Faculty

e.g. "Tuba"

Tsunenori "Lee" Abe

labe@berklee.edu | 617 747-8068

"I think you can learn the most by analyzing what you like. Why do I like it? Let's try to imitate at first and then make it our own."

Michael P. Abraham

mabraham@berklee.edu | 617 747-8584

"Many of the technical tools and methods used today in the recording studio are quickly going to become obsolete, and it's important for the contemporary music production and engineering student to have an education that's going to allow them to not only change with the new technologies, but help invent them as well."

Kris Adams

Professor, Harmony
Also affiliated with:: Berklee Online (available courses)
kadams@berklee.edu | 617 747-8447

"As a singer, I can share a different perspective with students. Singers and drummers usually do things by ear. Drummers are dealing with rhythm, and a lot of times they say, 'Why do I need to know this stuff? I'm just a drummer.' But if you talk to famous drummers who write and lead bands and compose, it's a lot more."

Cecil Adderley

cadderley@berklee.edu | 617 747-2426

"Teaching in the Music Education Department, you have to prepare people to do it all. Most state certificates for music educators are not area- and grade-specific like those for English or science."

Gustavo Agatiello

Instructor, Percussion
gagatiello@berklee.edu | 617 747-2838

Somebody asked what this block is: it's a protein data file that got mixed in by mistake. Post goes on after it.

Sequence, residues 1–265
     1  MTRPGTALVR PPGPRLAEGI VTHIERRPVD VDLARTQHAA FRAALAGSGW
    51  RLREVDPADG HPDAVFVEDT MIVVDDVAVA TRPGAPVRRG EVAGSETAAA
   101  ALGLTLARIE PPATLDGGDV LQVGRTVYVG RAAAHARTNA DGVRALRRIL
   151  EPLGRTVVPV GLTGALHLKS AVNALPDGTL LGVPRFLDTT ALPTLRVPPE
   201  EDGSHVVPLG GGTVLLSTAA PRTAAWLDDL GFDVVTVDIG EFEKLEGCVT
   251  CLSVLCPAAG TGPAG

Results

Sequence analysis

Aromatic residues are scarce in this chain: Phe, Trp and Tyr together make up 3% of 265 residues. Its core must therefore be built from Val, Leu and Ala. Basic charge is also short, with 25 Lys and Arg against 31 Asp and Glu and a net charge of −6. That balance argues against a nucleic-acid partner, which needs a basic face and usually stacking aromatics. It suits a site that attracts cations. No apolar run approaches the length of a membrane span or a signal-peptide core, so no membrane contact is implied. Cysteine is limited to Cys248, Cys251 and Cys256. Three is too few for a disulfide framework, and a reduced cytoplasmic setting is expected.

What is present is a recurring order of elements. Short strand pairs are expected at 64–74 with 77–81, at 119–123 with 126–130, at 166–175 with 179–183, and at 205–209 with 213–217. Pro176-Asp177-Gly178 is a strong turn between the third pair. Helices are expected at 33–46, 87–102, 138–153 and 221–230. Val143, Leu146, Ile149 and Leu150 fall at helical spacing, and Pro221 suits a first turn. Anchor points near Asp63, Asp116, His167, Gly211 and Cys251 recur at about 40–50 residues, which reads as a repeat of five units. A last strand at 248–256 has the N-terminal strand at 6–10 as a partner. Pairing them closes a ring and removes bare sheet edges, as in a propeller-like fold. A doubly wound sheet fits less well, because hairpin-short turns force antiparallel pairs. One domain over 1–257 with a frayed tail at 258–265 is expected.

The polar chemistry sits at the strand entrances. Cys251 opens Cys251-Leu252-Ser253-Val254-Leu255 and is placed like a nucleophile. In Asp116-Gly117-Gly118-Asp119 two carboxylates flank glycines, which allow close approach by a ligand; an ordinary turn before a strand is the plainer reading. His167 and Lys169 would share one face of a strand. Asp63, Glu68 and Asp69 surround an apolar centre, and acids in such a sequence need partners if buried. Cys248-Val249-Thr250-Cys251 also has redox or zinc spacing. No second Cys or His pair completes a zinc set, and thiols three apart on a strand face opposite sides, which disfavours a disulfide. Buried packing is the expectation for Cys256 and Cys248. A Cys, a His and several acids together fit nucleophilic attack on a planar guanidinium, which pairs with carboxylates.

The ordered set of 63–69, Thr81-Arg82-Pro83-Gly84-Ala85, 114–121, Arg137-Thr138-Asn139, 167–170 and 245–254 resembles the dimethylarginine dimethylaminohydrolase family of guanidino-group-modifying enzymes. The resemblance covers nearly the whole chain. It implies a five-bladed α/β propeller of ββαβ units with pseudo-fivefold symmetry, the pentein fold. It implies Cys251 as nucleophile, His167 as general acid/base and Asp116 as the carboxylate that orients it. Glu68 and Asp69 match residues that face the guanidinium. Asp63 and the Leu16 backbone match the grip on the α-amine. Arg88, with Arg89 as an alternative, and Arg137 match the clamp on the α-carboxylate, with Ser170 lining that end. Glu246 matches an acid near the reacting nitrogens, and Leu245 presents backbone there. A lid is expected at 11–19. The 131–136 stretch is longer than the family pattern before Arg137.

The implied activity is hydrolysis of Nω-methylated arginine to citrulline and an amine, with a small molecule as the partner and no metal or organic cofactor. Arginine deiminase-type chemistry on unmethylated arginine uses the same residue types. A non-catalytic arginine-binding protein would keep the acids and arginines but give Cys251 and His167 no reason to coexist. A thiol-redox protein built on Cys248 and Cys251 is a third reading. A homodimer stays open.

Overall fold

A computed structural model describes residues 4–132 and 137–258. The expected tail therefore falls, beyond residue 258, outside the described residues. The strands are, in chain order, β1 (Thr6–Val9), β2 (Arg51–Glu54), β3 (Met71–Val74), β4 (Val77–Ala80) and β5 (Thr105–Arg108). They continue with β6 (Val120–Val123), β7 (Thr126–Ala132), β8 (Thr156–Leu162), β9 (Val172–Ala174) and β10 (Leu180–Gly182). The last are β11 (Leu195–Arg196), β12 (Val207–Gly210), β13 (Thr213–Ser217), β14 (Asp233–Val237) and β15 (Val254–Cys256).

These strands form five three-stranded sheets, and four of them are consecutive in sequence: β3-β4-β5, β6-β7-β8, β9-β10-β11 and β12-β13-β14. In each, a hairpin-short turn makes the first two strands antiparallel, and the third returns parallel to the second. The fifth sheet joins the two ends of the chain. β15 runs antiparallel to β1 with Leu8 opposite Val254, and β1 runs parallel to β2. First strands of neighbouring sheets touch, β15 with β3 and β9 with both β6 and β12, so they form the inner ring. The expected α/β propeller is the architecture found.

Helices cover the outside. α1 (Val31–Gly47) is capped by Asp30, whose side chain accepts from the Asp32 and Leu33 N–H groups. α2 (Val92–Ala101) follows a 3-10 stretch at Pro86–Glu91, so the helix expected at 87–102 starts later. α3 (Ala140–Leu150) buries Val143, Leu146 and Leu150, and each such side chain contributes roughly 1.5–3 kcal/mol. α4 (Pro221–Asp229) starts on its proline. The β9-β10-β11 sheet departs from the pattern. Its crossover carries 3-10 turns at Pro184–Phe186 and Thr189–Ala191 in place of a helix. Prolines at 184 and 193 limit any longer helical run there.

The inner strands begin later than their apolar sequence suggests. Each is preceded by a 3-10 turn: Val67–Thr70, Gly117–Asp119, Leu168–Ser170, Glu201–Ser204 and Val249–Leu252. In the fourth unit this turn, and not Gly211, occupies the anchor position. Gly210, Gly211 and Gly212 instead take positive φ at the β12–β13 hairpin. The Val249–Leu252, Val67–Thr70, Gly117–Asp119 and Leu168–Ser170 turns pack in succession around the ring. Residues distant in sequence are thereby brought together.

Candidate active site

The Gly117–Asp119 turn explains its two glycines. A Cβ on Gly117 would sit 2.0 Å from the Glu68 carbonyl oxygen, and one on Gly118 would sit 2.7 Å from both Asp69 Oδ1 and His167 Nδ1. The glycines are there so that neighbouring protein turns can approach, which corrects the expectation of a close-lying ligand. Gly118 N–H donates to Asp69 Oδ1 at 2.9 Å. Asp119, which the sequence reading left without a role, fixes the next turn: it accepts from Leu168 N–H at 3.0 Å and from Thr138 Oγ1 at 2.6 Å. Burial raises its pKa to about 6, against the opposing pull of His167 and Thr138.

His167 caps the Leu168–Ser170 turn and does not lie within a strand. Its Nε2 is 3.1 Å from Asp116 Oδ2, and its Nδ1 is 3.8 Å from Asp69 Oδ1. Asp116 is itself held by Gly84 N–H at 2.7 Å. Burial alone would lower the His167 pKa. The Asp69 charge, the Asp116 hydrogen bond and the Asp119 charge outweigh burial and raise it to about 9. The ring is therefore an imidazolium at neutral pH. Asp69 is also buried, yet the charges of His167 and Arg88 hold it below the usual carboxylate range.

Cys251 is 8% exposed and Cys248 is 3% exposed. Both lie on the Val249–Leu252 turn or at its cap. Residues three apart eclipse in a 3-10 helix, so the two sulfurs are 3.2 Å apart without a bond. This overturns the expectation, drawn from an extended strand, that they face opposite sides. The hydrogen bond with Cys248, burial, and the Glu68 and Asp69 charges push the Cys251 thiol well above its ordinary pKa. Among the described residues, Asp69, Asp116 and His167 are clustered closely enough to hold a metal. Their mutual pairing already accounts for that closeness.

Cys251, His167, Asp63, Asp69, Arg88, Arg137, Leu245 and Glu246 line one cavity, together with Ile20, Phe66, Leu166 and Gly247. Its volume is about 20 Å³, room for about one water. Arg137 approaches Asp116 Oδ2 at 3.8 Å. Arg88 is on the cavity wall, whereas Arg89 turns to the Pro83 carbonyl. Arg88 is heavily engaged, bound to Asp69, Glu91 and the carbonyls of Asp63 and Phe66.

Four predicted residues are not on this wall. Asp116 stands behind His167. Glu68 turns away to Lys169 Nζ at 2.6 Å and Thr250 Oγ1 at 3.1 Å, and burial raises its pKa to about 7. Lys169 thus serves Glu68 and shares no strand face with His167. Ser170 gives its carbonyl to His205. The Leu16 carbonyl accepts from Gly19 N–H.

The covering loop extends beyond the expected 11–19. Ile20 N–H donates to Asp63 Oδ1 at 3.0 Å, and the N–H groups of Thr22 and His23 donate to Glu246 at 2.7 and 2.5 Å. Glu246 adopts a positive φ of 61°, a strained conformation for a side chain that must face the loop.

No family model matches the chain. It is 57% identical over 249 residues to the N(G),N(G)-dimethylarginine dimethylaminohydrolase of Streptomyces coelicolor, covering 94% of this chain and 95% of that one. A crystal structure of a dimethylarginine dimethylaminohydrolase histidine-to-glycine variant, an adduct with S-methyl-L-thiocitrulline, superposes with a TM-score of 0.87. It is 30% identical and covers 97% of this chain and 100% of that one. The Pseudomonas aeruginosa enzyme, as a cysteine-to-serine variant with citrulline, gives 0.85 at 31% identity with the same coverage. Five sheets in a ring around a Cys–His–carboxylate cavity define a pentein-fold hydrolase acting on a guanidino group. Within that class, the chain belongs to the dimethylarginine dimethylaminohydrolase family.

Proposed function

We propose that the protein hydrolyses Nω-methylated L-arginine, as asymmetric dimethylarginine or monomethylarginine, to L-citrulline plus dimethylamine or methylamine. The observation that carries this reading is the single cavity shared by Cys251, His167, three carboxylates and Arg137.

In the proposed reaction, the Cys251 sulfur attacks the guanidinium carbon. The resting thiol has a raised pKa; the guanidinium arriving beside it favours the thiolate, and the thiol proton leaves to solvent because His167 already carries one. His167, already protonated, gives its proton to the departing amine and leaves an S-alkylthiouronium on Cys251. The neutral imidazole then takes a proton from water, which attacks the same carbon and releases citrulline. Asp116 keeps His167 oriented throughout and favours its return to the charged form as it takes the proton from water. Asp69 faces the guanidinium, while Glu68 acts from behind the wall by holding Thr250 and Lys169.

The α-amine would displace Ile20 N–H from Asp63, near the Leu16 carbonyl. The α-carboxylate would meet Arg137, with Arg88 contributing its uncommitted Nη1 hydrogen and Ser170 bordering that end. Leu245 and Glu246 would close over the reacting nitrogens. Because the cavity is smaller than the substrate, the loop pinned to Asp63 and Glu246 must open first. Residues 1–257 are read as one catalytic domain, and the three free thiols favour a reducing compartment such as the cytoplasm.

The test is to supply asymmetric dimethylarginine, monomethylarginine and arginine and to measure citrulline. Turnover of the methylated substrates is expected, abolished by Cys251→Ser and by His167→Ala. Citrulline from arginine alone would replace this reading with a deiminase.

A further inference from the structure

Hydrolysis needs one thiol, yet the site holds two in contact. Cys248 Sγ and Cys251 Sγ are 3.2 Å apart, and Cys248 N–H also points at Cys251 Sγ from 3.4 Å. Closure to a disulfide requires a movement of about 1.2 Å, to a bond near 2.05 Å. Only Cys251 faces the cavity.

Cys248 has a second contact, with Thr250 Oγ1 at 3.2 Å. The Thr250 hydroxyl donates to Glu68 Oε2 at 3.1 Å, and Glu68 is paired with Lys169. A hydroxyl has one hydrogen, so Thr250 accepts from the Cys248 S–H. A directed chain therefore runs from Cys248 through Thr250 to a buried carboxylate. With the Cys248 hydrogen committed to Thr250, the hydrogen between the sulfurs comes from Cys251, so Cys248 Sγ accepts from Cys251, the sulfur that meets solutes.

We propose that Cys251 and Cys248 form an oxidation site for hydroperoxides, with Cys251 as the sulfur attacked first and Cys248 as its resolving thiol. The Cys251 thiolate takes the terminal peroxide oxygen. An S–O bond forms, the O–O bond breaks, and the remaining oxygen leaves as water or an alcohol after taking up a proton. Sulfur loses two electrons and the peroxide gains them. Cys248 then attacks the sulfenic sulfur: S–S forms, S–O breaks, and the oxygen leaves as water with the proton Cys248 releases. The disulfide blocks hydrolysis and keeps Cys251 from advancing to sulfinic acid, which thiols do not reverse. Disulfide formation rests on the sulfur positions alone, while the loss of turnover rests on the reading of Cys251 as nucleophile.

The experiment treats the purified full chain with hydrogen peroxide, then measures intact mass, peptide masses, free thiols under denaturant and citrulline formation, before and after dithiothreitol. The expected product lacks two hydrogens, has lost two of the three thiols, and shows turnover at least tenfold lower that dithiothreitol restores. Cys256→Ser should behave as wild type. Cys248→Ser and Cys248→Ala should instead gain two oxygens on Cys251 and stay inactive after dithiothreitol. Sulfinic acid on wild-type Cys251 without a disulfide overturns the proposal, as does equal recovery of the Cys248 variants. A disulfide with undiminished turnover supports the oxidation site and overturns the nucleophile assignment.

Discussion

"Playing an instrument is like having a conversation; when you don't have anything meaningful to say, you listen until you have something to enrich that conversation and make it worthwhile."

Enric Alberich

ealberich@berklee.edu | 617 266-1400 x3433

"It's not only about learning things, it's also about learning how to do things, and it's also about learning to be a human being."

Jon Aldrich

Associate Professor, Songwriting
jaldrich@berklee.edu | 617 747-8101

"A hit song is actually somewhat formulaic—the repetitiveness, the rousing section that leads us to that ever-so-hooky thing that we call a chorus—those things seem to happen over and over in hit songs, whether we like to admit it or not."

Prince Charles Alexander

Also affiliated with:: Berklee Online (available courses)

Prince Charles Alexander is a sought-after recording and mixing engineer, whose clients include Mary J. Blige, Destiny's Child, Faith Evans, P. Diddy, the Notorious B.I.G., Usher, Babyface, Sting, Aretha Franklin, and others. 

Peter Alhadeff

Also affiliated with:: Berklee Online (available courses)
palhadeff@berklee.edu | 617 747-8102

"We are a cutting-edge department with a frontier kind of presence in the industry. All of the faculty are well informed on current developments. We bring that into the classroom and mix that with the content you need to know if you want to work in the business. You need to know about legal aspects, business start-ups, and have a very keen eye on where technology change is taking the business."

Elizabeth Allison

Associate Professor, Music Education
eallison@berklee.edu | 617 747-8899

"I think I work in the best department in the college, because not only do I get to make music, I also get to help the next generation of teachers help people make music."